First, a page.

This scene was made to showcase my ability to make effect come together as a whole. In this sequence a plane crashes, desintegrates and grinds to a halt. During this time a whole bunch of different effects work to sell the bigger effect.
Fire, smoke, debris, explosions, dirt, sparks, embers, shockwaves, destruction and wingtip vortices.
The scene is driven by a level sequence that control most of the animation. Some special cases, like the detaching plane parts, are handeled through blueprints.
The tree-line shockwave effect has a simple concept, yet very effective results.
This is how it works:
A material draws a spherical mask that has a point of origin of a blueprint in the level, the center of the explosion particle effect. The mask expands according to a parameter that is controlled through my scripted sequence blueprint.
The parameter is stored in a Material Parameter Collection and then sent to the material instance of the trees through a parameter collection node. This parameter controls a vertex offset animation which is centralised around the same blueprint as the spherical mask origo.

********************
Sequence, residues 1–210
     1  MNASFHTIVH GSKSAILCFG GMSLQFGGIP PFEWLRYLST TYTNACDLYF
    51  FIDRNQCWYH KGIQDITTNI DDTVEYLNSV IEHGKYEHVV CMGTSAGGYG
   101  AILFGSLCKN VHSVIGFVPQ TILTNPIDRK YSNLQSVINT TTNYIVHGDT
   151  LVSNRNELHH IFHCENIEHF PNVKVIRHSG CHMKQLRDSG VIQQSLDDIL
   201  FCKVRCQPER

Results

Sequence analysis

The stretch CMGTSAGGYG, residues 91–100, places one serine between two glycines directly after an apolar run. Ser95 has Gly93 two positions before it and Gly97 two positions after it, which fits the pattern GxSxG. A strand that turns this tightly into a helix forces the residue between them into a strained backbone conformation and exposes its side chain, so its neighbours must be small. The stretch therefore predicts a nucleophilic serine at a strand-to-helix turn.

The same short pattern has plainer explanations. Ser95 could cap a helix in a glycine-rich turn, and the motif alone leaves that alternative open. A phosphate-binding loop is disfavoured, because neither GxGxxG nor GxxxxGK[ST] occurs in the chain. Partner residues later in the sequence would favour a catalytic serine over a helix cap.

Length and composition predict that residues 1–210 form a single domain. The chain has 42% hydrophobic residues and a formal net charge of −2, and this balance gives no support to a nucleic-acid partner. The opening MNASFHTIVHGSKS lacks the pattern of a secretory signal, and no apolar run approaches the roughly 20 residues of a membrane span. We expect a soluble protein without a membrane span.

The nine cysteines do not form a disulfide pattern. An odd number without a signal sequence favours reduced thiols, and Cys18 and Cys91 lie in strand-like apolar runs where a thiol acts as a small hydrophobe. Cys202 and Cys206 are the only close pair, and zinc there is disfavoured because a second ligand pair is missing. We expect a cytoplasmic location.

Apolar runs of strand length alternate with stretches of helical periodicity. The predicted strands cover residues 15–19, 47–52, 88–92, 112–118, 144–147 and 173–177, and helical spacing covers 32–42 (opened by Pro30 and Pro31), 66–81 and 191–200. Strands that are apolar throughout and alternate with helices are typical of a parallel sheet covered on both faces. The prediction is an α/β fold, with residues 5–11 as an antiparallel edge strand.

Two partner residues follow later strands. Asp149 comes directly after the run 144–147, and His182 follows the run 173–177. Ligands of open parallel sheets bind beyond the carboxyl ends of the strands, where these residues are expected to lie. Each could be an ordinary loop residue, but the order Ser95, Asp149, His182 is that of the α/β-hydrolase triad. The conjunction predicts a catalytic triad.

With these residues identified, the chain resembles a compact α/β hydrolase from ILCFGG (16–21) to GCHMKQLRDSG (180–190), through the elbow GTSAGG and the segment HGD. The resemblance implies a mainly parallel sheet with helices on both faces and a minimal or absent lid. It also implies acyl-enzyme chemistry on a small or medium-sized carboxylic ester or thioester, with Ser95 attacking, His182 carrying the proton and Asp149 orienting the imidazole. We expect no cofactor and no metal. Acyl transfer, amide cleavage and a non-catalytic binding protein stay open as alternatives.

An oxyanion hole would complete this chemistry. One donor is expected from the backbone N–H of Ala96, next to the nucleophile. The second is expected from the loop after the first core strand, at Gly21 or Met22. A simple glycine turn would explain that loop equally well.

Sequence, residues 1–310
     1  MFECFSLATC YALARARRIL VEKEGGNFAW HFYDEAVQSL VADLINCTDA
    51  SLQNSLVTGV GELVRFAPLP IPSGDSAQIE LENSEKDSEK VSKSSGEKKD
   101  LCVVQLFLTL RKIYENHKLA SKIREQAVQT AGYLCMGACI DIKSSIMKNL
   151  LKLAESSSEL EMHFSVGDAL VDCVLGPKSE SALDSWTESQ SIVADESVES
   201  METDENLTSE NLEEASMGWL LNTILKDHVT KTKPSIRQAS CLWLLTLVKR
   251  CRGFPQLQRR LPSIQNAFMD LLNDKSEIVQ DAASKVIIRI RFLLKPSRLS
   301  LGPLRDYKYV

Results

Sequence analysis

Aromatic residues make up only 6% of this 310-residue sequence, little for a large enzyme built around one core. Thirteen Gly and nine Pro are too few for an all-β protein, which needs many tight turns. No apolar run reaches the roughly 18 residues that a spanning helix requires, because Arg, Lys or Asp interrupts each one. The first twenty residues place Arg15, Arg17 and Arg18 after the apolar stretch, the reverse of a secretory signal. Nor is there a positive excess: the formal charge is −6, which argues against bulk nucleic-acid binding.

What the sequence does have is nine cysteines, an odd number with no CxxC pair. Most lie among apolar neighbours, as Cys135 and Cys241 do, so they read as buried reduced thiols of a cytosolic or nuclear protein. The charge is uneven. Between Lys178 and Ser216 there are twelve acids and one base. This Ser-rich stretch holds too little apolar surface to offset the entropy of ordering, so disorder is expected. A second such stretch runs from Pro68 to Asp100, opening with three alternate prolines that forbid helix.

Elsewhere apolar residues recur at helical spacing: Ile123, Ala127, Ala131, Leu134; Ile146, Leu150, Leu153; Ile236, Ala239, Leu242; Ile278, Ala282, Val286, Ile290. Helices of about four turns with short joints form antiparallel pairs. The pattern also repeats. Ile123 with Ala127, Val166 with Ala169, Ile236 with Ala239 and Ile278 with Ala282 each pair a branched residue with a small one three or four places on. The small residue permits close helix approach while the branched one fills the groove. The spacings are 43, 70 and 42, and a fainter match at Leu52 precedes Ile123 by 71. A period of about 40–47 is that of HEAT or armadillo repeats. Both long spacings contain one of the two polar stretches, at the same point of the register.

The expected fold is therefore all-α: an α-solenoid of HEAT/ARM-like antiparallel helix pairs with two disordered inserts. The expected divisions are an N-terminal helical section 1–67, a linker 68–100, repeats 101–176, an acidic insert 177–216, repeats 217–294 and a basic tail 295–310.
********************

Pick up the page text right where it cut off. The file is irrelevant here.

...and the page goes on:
The tree meshes themselves have a gradient mask applied to them through the material editor, which makes sure that the tree-tops are swaying the most, while the tree trunk remain mostly unaffected.
The fire and explosion effects both have flipbook textures made in Houdini from a fluid simulation.
The wingtip vortices were created with vector fields and GPU particles. The red box that appears in the video is a very turbulent vector field, created with Maya Fluids, that drives the turbulent effect.
Two kinds of propellers were made; one with a material and the other with a regular mesh.
The C-130 was modeled in Maya and cut up at pre-determined breaking points. As the sequence plays out and the plane desintegrate, the pre-cut parts are hidden away from the main mesh and then respawned as physics objects in the scene.